Business Analyst Resume - What should be included and what should be left out?
- Nov 16, 2016
An IT business analyst plays a critical role in a company’s productivity and profitability, so it’s no surprise that the position requires important skill sets. From good communication skills to problem-solving and critical thinking, a business analyst must be a master of many trades. Because it’s one of the most sought after jobs in the IT industry, you’ll need to make sure your resume fits the position you’re pursuing. If you want to craft a killer resume that’s sure to attract the attention of hiring managers, here’s what you need to include — and what’s best left out.
What to Include in a Business Analyst ResumeThere are many paths to becoming a business analyst. You may have success at jobs in accounting, as an IT specialist, or as a project manager. What really matters is that you have a work history that shows you have exceptional analytical skills to solve complicated business problems. Be sure your resume meets these criteria:
- Tailor your resume to each company’s specific job opening. A business analyst’s duties vary from organization to organization, and industry to industry. Research the company online, carefully read the job description, and then make sure your resume highlights the skills each company is looking for.
- Many recruiters quickly scan resumes so consider adding a summary statement. Your summary tells your unique story. Use it highlight your business analysis accomplishments.
- Make sure your previous job titles are bolded, and think about adjusting them to attract the hiring manager’s eye. That doesn’t mean making up positions you never held; rather, use words that coincide with what a business analyst does.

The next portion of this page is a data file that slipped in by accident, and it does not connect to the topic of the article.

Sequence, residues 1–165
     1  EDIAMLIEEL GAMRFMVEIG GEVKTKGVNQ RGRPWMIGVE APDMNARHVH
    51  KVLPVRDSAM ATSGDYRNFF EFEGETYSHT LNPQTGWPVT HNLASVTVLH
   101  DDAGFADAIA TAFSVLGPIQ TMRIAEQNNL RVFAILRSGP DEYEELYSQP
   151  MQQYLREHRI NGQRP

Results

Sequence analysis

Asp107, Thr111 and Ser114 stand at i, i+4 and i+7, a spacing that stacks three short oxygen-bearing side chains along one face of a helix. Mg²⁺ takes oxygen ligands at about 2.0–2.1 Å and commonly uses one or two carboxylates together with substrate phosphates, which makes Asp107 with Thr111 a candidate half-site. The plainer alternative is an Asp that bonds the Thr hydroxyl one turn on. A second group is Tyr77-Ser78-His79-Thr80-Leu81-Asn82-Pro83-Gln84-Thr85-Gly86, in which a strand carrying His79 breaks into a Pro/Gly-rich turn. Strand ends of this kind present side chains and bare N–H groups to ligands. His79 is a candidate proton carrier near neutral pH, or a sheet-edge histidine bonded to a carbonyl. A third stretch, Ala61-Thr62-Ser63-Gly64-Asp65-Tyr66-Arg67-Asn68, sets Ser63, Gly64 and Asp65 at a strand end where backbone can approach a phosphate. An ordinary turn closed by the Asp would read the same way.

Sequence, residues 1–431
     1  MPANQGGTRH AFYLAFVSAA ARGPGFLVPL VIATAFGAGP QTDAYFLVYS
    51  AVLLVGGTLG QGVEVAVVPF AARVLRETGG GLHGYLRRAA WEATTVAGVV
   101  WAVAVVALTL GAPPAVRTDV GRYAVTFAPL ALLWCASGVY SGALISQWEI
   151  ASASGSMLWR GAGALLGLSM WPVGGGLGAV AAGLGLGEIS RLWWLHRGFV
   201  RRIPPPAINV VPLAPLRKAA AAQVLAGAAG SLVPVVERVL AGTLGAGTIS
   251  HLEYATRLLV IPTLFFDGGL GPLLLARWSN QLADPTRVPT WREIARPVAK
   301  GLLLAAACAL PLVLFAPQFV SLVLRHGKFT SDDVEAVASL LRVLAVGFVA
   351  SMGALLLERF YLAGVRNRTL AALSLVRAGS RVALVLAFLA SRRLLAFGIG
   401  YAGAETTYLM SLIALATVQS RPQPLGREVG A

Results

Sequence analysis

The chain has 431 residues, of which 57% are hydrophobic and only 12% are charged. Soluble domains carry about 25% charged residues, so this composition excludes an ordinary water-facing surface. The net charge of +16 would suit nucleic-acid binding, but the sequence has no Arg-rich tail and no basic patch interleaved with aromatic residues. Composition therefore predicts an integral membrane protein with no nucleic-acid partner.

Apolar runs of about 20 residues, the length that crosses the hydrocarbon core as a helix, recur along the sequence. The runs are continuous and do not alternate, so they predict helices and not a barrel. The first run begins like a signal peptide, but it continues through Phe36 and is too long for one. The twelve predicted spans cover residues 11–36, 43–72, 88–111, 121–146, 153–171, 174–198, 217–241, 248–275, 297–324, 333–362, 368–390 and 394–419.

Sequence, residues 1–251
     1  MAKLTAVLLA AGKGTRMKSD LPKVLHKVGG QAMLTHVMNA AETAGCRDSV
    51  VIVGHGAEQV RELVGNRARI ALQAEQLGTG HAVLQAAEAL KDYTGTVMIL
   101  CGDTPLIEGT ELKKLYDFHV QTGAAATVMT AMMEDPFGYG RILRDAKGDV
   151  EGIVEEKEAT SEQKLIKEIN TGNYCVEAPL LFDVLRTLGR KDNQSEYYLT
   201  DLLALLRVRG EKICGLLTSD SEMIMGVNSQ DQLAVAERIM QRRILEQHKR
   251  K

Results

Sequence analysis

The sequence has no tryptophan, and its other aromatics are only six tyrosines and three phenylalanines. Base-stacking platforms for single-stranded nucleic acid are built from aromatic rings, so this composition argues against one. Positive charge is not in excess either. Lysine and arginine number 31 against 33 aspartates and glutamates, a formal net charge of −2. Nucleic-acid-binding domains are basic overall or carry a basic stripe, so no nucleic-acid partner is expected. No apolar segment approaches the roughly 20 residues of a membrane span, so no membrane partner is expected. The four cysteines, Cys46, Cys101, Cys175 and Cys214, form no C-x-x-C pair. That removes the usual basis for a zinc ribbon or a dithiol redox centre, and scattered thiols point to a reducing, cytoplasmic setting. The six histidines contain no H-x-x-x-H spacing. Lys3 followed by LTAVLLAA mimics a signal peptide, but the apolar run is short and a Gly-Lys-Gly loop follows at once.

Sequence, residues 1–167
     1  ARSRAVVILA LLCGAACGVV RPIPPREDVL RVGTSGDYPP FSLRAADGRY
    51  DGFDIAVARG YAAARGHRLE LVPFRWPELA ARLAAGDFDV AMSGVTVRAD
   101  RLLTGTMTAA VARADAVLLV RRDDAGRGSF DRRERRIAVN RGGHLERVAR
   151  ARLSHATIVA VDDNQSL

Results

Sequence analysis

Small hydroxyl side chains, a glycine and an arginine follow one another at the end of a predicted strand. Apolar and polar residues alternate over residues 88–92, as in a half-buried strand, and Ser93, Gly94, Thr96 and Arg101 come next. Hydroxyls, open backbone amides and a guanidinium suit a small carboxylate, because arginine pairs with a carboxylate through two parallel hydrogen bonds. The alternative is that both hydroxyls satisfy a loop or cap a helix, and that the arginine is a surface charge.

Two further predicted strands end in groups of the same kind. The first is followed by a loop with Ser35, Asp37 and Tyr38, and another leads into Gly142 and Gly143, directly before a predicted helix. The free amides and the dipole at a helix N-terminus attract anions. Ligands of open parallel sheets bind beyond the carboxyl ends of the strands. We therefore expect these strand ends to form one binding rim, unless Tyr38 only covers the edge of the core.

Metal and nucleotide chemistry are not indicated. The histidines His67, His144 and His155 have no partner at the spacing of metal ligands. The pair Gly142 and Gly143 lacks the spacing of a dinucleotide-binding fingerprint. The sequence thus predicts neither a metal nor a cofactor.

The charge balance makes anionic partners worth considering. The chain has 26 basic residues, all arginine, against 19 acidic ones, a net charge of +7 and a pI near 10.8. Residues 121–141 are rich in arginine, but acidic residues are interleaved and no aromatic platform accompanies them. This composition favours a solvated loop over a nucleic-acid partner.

- Use the correct terminology that best demonstrates your capabilities. For example, one industry may use the term “data testing,” while another prefers “user acceptance testing.”
- Include all relevant on-the-job training and any continuing education or graduate degrees you’ve completed or attained. And don’t forget to mention professional associations and business networks you belong to.
What to Leave OutEven if you’re applying for your first business analyst position, it’s possible to write a resume that will help you stand out — so forego some of the traditional advice you might receive. Don’t include a catalog of your entire work history or skills. Yes, a business analyst fulfills a lot of roles, but you don’t want your resume to say you are a jack-of-all-trades. Instead, think of your resume as a sales document — and the commodity being sold is you. Aim for emphasizing the skills and experience that speak to the desired position.
You’re in High DemandSo many businesses today need highly skilled business analysts. You can improve your chances at landing the job you want by making sure your resume says “hire me!” The more you can show a hiring manager how well you would fit within the company’s culture, the better chances you have of getting the interview and landing the job.